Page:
Teeth could serve as an actionable new tool capable of measuring the presence and timing of childhood adversity, a major risk factor for psychiatric and physical health concerns in the future. The novel approach is outlined in a paper in Biological Psychiatry by investigators at Massachusetts General Hospital (MGH), the Forsyth Institute and the University of California San Francisco (UCSF). Further research includes building a biobank of teeth.
Massachusetts General Hospital (MGH), founded in 1811, is the original and largest teaching hospital of Harvard Medical School. The MGH Research Institute conducts the largest hospital-based research program in the nation, with an annual research budget of more than $1 billion and comprises more than 8,500 researchers working across more than 30 institutes, centers and departments.
The paper proposes that teeth may record instances of early life adversity, including poverty, abuse, having a parent with mental illness, or experiencing a natural disaster. Teeth develop in layers, leaving behind growth marks – similar to rings in a tree marking its age and environment. Researchers hypothesize that the characteristics of each layer or growth mark in a tooth might be able to similarly tell a unique story about a child’s experiences with stress throughout their development.
Childhood adversity, which impacts nearly half of all children in the United States, is a known risk factor for future psychiatric disorders, such as depression and anxiety, as well as physical health outcomes, including cardiovascular disease. While early interventions for children exposed to trauma is an ongoing and urgent need, there remains a lack of objective tools to reliably and validly measure exactly if and when children are exposed and possibly most susceptible to adversity.
The researchers are testing these ideas in several current research studies, including one that is looking to create a biobank of teeth by recruiting mothers who delivered a baby some time on or between April 1, 2012 and November 4, 2013, for a study called, “Stories Teeth Record of Newborn Growth” (STRONG).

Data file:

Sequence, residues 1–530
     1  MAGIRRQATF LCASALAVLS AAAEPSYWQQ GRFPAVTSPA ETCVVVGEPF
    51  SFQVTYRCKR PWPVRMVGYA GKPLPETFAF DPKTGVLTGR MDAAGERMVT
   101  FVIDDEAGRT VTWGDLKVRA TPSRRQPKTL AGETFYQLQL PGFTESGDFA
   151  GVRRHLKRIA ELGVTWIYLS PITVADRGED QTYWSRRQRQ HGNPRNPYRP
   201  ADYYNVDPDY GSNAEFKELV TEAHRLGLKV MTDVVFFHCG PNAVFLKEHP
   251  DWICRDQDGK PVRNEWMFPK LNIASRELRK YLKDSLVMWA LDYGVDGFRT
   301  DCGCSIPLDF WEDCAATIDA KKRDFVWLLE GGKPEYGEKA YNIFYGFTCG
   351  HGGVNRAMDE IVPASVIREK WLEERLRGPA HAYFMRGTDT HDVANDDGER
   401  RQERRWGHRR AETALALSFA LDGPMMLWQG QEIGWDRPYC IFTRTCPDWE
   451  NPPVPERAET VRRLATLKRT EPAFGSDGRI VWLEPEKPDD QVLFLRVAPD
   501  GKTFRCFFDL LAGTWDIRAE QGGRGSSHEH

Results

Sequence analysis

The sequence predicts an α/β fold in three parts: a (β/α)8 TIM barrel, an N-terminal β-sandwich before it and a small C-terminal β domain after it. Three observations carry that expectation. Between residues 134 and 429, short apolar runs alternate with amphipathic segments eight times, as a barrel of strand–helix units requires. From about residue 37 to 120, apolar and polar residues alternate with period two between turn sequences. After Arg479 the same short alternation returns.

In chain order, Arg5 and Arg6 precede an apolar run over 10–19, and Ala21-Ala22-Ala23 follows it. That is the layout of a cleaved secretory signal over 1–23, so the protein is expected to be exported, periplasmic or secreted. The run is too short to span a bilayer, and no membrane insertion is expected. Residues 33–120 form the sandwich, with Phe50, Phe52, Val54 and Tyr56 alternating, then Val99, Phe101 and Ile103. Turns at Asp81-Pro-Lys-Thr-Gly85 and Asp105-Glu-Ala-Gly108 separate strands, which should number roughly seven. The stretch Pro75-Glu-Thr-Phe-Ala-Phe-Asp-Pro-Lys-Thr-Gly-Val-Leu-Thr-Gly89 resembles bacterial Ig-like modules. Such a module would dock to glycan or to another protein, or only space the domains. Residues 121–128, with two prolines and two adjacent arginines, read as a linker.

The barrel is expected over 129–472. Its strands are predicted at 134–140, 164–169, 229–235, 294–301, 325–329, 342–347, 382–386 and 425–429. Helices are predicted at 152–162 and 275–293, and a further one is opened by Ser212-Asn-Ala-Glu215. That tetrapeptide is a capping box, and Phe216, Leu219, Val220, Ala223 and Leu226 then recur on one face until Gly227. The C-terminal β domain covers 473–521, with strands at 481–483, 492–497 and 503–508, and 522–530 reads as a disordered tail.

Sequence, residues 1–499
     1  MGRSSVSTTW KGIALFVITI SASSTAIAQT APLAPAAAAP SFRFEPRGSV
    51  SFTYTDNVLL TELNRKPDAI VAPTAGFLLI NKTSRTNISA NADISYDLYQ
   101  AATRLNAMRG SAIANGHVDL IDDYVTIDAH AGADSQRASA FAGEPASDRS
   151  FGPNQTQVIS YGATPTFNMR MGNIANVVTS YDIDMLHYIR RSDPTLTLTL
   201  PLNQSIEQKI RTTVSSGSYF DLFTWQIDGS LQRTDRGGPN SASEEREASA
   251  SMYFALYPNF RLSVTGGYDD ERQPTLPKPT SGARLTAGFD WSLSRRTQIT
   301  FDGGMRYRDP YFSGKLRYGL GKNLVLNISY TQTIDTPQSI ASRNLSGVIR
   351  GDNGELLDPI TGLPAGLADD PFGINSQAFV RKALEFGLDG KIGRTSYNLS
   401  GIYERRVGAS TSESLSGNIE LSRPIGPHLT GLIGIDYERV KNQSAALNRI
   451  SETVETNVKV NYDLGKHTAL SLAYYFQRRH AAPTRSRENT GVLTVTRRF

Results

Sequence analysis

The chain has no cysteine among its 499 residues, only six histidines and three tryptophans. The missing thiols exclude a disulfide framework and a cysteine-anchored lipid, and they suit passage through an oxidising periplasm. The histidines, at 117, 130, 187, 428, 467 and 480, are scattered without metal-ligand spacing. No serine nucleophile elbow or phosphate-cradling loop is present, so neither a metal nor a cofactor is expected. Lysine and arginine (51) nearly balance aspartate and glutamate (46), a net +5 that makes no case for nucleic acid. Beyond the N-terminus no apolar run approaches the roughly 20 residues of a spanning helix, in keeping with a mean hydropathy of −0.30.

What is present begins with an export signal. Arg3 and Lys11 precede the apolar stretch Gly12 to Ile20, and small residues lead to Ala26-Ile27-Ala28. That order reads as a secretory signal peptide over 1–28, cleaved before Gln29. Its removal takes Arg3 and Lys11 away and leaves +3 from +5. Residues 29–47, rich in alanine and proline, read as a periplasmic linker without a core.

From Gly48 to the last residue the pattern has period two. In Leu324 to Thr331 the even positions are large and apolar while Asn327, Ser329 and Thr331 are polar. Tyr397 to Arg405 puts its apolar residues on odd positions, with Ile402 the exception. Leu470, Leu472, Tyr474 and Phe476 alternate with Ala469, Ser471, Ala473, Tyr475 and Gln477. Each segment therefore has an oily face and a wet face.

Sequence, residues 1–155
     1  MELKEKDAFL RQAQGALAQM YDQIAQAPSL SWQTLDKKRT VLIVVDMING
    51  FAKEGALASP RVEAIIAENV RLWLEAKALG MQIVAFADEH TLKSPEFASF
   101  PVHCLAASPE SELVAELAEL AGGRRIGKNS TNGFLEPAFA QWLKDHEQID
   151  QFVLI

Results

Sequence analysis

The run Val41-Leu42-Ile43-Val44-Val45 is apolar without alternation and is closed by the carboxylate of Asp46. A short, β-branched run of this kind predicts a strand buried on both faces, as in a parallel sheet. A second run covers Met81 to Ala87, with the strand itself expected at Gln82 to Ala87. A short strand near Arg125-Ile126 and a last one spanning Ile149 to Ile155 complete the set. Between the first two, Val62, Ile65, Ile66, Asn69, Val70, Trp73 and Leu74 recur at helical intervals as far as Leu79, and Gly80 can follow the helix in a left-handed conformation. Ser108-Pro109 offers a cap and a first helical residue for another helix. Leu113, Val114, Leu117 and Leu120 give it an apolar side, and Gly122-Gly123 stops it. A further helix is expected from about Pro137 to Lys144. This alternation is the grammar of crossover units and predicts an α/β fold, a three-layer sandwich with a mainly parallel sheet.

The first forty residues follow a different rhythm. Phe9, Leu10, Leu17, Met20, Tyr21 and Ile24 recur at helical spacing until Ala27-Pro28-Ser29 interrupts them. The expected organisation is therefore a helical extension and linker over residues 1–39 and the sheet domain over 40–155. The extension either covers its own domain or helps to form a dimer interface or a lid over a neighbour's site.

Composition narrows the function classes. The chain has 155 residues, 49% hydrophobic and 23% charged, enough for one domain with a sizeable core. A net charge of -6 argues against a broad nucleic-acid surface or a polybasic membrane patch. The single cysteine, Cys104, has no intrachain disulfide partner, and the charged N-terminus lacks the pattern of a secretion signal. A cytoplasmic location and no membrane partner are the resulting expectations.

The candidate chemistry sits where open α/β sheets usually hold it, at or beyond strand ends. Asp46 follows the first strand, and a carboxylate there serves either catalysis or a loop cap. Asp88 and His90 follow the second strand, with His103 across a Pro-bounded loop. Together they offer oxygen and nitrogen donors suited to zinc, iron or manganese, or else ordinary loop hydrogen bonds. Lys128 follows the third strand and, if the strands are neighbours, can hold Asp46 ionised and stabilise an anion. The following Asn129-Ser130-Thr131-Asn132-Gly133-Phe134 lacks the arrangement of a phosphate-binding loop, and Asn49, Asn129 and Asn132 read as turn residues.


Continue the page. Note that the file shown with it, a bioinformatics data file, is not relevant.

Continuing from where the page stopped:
“Tooth enamel is basically a fossil in your mouth. What’s recorded in teeth is a history of what your body and cells experienced during the time period when your teeth were forming.” … “No one else in the world has your teeth or your tooth history recorded. Teeth are like your personal passport, which makes them an ideal biomarker.” – Felicitas Bidlack, PhD, associate member of the staff at the Forsyth Institute and co-author of the paper.
“Every tooth can tell its own story about a period in early development, even before birth.” … “We believe teeth might capture the psychological and social stressors people experience early in life, which can then help to guide prevention efforts.”
“Teeth are lost or naturally shed many years before the start of puberty, when depressive symptoms often first emerge. Thus, it might be possible that one day pediatricians and dentists could collect children’s shed teeth, send these teeth to specialized labs for analysis, and use the results alongside information about family history and other factors to determine if a child might be at risk of developing a mental health problem in the future.” – Erin Dunn, ScD, MPH, Center for Genomic Medicine and Department of Psychiatry at MGH, senior author of the paper